"We're all here as a very friendly, well-unified group. It's a well-knit together group of people," Trump said. "And we hope that we're going to make some great progress for our country. I think that will happen."

This meeting is a makeup of sorts. The leaders were invited over by the president last week, but the Democrats backed out after Trump tweeted that a deal on government funding wasn't likely and called them "weak on crime," among other insults.

"We're here in the spirit of 'let's get it done,' " Schumer said in the Oval Office on Thursday. He and Pelosi mentioned issues such as funding the military, the opioid crisis, veterans and children's health care.

After the meeting, Democrats put out a statement reiterating those priorities, including a push to pass the Dream Act, which would provide a path to citizenship for the roughly 700,000 immigrants in the country illegally who were brought to the U.S. as children, known as DREAMers.

President Trump announced an end to the Obama-era policy called Deferred Action for Childhood Arrivals as of March 2018. DACA keeps those nearly 700,000 immigrants from being deported by immigration authorities.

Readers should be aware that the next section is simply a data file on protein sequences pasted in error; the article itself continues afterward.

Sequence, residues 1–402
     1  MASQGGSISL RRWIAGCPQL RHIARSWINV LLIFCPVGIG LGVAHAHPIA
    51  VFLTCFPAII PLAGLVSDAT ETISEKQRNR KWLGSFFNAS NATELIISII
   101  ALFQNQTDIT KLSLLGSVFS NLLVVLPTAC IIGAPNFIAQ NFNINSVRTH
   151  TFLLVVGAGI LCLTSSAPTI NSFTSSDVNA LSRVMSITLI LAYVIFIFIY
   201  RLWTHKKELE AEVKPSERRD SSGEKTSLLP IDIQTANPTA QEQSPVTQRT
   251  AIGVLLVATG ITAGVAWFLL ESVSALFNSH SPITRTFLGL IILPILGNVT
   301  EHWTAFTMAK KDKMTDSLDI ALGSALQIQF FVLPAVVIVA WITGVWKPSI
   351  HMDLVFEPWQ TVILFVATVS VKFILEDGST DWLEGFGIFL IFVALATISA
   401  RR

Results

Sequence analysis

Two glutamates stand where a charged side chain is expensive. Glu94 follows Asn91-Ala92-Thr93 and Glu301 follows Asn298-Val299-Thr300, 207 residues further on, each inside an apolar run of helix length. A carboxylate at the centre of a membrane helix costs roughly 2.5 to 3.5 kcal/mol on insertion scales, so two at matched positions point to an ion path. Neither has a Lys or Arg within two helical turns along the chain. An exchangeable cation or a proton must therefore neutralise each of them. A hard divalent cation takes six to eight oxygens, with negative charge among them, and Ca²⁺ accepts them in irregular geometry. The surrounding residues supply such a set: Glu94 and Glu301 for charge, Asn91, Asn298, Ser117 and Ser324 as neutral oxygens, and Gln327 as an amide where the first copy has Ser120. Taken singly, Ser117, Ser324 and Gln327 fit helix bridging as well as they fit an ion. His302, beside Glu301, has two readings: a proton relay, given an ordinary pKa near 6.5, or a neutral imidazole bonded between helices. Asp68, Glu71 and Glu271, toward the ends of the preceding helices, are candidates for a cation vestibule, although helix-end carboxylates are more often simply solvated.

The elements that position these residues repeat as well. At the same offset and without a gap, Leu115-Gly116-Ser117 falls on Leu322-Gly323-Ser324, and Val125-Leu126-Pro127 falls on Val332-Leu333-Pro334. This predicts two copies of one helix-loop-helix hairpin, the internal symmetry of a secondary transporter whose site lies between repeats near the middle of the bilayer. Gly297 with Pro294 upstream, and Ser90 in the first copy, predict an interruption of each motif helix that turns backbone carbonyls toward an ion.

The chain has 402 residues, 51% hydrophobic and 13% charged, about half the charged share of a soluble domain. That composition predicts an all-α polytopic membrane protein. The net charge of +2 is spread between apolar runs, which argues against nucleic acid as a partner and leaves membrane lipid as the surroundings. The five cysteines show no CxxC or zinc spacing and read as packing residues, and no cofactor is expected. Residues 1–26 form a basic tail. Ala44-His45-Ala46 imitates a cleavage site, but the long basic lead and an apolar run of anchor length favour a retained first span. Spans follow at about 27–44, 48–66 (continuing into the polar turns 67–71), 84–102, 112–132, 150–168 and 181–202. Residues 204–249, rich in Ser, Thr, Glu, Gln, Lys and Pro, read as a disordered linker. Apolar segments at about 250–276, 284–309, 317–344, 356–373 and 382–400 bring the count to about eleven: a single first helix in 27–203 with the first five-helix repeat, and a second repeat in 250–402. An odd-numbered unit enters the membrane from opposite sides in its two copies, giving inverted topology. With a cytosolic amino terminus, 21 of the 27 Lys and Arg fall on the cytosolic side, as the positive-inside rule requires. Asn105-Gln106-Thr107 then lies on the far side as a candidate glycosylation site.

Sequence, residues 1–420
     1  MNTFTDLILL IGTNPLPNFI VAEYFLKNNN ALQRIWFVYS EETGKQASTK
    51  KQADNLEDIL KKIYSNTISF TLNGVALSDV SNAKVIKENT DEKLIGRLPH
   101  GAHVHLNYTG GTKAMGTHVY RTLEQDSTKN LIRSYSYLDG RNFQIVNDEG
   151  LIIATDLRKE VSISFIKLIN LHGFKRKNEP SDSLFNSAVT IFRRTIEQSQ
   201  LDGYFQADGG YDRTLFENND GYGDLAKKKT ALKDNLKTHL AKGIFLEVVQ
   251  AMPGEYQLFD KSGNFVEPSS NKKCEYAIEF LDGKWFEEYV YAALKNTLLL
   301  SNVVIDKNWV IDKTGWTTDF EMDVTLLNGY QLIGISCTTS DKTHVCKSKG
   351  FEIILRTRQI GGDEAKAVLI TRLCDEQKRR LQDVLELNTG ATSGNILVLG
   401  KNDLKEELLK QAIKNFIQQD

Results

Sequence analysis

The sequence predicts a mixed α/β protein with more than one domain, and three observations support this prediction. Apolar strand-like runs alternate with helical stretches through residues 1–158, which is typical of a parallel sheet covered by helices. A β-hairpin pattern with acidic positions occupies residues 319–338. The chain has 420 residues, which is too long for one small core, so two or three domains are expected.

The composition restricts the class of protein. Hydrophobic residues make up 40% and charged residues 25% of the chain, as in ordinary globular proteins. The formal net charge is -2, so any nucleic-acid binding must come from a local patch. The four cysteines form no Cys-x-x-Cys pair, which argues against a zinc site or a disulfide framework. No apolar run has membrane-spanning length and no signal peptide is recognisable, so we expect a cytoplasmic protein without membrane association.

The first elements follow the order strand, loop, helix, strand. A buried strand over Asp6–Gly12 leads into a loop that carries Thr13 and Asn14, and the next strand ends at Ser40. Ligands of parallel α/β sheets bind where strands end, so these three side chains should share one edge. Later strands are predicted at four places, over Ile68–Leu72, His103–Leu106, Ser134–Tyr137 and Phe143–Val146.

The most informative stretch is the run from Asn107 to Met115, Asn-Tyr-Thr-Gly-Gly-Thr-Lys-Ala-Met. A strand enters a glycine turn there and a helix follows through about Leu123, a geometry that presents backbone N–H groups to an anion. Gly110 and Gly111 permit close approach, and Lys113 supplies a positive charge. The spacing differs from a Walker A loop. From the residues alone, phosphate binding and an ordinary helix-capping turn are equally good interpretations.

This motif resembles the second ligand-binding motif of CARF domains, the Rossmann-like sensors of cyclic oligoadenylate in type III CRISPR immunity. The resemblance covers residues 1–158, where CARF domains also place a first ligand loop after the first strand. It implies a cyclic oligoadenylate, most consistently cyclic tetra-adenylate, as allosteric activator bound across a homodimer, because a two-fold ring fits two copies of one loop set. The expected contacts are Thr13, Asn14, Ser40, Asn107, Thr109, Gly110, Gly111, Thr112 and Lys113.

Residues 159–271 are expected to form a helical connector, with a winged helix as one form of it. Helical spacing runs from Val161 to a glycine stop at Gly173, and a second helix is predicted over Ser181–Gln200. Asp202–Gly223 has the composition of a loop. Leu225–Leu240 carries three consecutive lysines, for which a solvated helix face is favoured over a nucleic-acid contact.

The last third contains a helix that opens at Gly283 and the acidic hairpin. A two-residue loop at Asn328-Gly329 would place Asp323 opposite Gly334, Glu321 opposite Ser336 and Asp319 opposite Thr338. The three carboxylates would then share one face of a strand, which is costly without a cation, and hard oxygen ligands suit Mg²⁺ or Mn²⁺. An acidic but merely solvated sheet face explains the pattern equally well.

Pelosi and Schumer have both said that they are willing to make a deal for protections for DREAMers that includes border security funds sought by Republicans, but not funding for a wall on the U.S.-Mexico border that the White House continues to call for.

After the meeting, a statement from the White House said that Trump, McConnell and Ryan reiterated their belief that "negotiations on immigration should be held separately on a different track, and not as part of the government funding bill." It added that the president wants any such deal to accomplish several of its immigration goals: construct a wall on the Southern border, increase immigration enforcement and shift the U.S. to a merit-based immigration system over one that runs on family connections often called "chain migration."